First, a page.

The annual vendor performance study carried out by KPMG EquaTerra showed that 63 percent of the outsourcing IT organizations in the Netherlands characterized the quality of management as weak or average ([KPMG11]).


Figure 1. The quality of governance for IT organizations in the Netherlands in 2011.

One aspect of the Pulse study in 2010 by KPMG EquaTerra ([KPMG10]) focused on the question of how organizations perform their sourcing transition. This study revealed that the realigning and redesigning of the retained IT organization, needed for an adequate connection between business demand and IT supply, often seems an undervalued element of a sourcing transition.


Figure 2. Changing the own (retained) IT organization is not dealt with sufficiently during the transition.

The role of the business itself as well as well-applied demand management and supply management concepts are both crucial. When organizations choose to outsource, the internal management of organizations is often not adequately co-developed and adjusted. The internal governance structures often remain unchanged and traditional, fragmented and not very goal oriented. In an outsourcing situation, this hinders effective cooperation between parties in the demand and supply chain and leads to a partial or complete failure to meet sourcing and company objectives. The question arises as to what a modern governance model should look like, that can be flexibly utilized and is easy to adapt for a certain arbitrary outsourcing situation.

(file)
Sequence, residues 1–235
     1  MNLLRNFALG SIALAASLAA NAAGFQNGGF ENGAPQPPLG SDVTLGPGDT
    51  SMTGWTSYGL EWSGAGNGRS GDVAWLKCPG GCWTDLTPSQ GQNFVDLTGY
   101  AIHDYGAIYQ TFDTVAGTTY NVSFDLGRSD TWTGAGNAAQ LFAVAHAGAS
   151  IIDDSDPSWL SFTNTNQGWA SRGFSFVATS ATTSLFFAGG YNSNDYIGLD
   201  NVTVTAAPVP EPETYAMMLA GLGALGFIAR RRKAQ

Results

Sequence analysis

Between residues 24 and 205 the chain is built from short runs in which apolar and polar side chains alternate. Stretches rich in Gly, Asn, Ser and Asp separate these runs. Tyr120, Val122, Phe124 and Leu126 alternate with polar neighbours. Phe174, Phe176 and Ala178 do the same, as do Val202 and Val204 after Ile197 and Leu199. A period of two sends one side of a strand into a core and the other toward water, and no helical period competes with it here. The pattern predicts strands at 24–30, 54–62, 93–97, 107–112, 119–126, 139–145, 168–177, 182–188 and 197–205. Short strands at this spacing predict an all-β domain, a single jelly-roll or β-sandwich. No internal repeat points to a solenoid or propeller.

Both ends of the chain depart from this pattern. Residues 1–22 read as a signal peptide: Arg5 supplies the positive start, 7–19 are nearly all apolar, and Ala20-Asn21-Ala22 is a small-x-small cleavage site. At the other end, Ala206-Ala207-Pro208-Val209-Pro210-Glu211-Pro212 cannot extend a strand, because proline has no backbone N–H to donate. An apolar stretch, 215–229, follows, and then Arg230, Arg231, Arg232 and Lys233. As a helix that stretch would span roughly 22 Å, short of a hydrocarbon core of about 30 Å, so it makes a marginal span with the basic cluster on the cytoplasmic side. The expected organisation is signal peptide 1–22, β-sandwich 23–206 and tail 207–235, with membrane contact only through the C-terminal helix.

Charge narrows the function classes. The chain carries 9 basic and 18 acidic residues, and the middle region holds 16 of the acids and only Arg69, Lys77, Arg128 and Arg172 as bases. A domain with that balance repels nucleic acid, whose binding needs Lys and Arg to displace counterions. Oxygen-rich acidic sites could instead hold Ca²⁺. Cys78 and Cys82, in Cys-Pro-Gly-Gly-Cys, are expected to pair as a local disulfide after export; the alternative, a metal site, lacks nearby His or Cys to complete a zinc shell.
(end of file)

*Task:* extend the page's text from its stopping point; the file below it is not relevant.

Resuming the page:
The role of a Target Operating Model

In the case of a reorganization, a design is (usually) drawn up for the future organization model. Previously, the development of a organogram was deemed adequate. Today, companies are analyzed, developed and optimized from an added-value perspective. Accordingly, rationalizing from the perspective of the value chain(s) upon which the organization is built, added-value activities are to be bundled into logical units. Elaboration of added-value units makes it possible to outline a Target Operating Model, creating a clear picture of how a company or organization wants to serve its markets, what services will be offered and how to make use of the available subcontractors market. The Target Operating Model serves as the foundation on which further detailed designs can be elaborated for processes, workflow, organizational structure, roles, responsibilities and so on (see also Figure 3).


Figure 3. Using the TOM to go from strategy to detail design.

A Target Operating Model will thus show the most distinctive strategic design choices that an organization makes to achieve its objectives. It shows the relationships between components in the value chain and the organizational units and business functions and corresponding governance structures. A Target Operating Model allows senior management to explain what the organization looks like and how it should function. The nature of a Target Operating Model also makes it a powerful communication tool for reorganizations.